Nearly 100 hospitals reported suspect data regarding potentially dangerous infections to CMS officials, but the agency did not further investigate the submissions, according to an HHS Office of Inspector General (OIG) report released Thursday.
According to NPR's "Shots," most U.S. hospitals under Medicare's Inpatient Quality Reporting Program self-report infections that occur among their patients while they are being treated at the facilities. In turn, the hospitals under the program can receive bonuses or penalties that affect their Medicare payments.
However, some of the reports in the past have included atypical data, such as unusually low infection rates, rapid changes in infection rates, or claims that almost all of a hospital's patients with infections contracted the infections before they arrived at the facility. CMS each year is supposed to examine up to 200 cases in which hospitals reported such suspicious data.
OIG conducted the report to examine CMS' efforts to validate hospital-reported data under the Inpatient Quality Reporting Program and to suggest "ways to strengthen program integrity safeguards." Investigators looked at CMS validation data for the 2016 payment year to identify the number of hospitals CMS had selected to review, why CMS selected the hospitals it reviewed, and what CMS found during the reviews.
In addition, OIG interviewed five experts about any concerns they might have with the quality data hospitals report and with CMS' method for validating the data. Investigators also interviewed CMS and CDC staff about regular quality assurance efforts for hospital-reported data.
Further, OIG reviewed CMS and CDC training materials on how hospitals should report quality data.
OIG found that CMS reviewed 2013 and 2014 data from 400 randomly selected hospitals, as well as from 49 "targeted" hospitals that had scored low on a review in the prior year or had previously underreported infections. According to OIG, six hospitals failed the reviews and were penalized with a 0.6 percent reduction in Medicare payments.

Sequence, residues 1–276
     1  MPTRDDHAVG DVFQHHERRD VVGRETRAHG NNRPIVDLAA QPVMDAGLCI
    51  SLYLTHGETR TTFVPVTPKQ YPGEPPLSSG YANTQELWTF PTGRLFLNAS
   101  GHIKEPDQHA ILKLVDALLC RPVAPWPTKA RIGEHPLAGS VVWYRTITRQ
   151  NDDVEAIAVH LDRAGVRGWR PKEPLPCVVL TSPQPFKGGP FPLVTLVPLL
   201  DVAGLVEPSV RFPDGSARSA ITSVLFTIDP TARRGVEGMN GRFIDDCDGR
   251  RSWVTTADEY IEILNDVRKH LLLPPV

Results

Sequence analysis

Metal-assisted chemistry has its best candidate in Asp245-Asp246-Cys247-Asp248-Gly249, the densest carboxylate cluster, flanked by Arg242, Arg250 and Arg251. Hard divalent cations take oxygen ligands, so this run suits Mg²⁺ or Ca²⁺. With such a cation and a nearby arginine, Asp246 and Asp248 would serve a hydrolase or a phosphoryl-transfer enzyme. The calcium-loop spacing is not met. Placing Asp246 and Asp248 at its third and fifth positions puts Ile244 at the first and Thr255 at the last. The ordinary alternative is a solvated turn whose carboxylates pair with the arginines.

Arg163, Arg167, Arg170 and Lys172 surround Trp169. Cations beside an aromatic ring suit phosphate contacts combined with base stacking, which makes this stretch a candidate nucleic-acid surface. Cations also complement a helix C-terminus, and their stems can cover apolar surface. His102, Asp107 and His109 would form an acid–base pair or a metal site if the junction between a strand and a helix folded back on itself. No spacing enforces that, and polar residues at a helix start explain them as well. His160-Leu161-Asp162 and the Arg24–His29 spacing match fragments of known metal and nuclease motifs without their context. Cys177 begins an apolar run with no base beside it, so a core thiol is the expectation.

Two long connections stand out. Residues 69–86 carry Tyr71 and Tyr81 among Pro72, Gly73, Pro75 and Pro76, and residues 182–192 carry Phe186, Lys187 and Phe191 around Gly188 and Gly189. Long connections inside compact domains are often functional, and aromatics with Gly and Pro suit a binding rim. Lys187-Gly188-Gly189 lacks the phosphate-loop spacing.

However, OIG stated that CMS' targeted review should have included an additional 96 hospitals that submitted "aberrant data patterns" related to patient infections in 2013 and 2014. OIG wrote that CMS' "approach to selecting hospitals for validation … made it less likely to identify gaming of quality reporting" because it "did not include any hospitals in its targeted sample on the basis of their having aberrant data patterns."
OIG recommended that CMS "make better use of analytics to ensure the integrity of hospital-reported quality data."
For instance, OIG wrote, "CMS could use analytics to select an increased number of hospitals in its targeted validation sample" by using data to "identify outliers, … determine which of those outliers warrant further review, and then add them to the sample." According to OIG, "Targeting hospitals with aberrant patterns for further review could help to identify inaccurate reporting and protect the integrity of programs that make quality-based payment adjustments."
CMS Administrator Seema Verma in a letter responding to the report wrote that the agency agreed with OIG's findings and will "continue to evaluate the use of better analytics … as feasible, based on [Medicare's] operational capabilities" (Jewett, "Shots," Kaiser Health News/NPR, 5/9; HHS OIG report, April 2017).
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